This is the Artist Code of Conduct that covers all aspects of how to work with Pushworth as an Event Manager, Artist Representative, Talent Recruiter, Show Curator and Artist Manager.
Click on each Title for further information.
In House Show Production
Installation – Standard Cover Show
Installation – Feature Show
On-Stage Off-Stage Delivery Standard
Regional or Special Event Hospitality
The Pushworth Group has zero tolerance for any form of sexual harassment at any shows booked by them and as such have appointed Nichola Burton as the sexual harassment prevention contact for all Pushworth booked shows. Nicki is available to any performer who is booked by Pushworth for shows. Contact her here.
You should report any conduct that you believe is sexual harassment, whether it is against you or another person, to Nicki or to your booker directly.
You also have the right to seek advice or assistance from others (such as your union or lawyer), or seek assistance from or make a complaint to the Australian Human Rights Commission.
Whilst neither The Pushworth Group or the Venues and Promoters for your shows, employ performers for shows as employees, we assure you that timely, fair and appropriate action will be taken to address any complaint. Victimisation of any person who raises a complaint is unlawful.
We encourage you to speak up. Contact us. You are safe.
Everyone has a responsibility to promote appropriate standards of behaviour at all times. This includes during the performance on stage, in the breaks, rehearsals and pre or post shows or out of hours while attending industry-related functions.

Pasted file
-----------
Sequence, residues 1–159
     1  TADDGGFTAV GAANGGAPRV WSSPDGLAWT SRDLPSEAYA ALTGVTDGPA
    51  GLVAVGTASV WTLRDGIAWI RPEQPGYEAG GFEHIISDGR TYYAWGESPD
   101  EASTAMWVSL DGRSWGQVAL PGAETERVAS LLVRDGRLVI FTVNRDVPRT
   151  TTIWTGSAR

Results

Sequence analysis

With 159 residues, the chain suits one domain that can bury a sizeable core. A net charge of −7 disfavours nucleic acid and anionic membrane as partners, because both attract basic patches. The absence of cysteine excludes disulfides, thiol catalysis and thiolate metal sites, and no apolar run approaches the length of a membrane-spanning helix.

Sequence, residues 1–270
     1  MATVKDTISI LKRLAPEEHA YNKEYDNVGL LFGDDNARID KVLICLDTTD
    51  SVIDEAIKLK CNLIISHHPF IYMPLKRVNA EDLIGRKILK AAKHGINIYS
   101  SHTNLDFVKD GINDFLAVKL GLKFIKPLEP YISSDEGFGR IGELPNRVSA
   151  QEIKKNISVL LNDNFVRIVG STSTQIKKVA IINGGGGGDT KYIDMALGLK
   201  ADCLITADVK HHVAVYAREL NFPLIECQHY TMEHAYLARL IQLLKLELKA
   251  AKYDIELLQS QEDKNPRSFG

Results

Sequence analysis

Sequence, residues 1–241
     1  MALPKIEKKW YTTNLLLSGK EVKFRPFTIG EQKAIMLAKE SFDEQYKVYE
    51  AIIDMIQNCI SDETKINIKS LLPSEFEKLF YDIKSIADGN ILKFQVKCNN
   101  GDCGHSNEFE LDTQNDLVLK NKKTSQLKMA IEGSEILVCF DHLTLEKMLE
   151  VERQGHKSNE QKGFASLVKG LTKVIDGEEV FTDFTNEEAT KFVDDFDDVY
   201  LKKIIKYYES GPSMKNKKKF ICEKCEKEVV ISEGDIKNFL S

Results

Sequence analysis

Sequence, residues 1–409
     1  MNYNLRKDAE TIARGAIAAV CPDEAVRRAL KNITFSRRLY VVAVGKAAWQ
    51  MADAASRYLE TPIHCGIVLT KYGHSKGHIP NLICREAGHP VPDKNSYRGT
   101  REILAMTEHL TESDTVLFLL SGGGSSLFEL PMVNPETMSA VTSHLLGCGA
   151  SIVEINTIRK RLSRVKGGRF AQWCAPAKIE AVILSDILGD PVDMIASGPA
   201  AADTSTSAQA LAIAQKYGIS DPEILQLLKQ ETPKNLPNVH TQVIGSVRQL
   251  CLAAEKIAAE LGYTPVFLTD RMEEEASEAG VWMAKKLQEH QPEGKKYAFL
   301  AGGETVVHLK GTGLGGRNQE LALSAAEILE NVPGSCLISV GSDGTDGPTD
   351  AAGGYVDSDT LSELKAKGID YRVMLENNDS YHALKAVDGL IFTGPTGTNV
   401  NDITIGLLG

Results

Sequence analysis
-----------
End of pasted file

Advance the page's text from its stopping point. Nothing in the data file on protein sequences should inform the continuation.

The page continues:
Any person can be personally liable for engaging in sexual harassment.
Sexual harassment is any unwanted, unwelcome or uninvited behaviour of a sexual nature, which makes a person feel offended, humiliated or intimidated.
This includes staring or leering, unnecessary familiarity, such as deliberately brushing up against you or unwelcome touching, suggestive comments or jokes, insults or taunts of a sexual nature, intrusive questions or statements about your private life, displaying posters, magazines or screen savers of a sexual nature, sending sexually explicit emails or text messages, inappropriate advances on social networking sites, accessing sexually explicit internet sites, requests for sex or repeated unwanted requests to go out on dates.
Some forms of behaviour may also be considered to be an offence under criminal law, such as physical assault, indecent exposure, sexual assault, stalking or obscene communications.
Consensual behaviour between adults which is welcome and reciprocated, such as flirting, is not sexual harassment.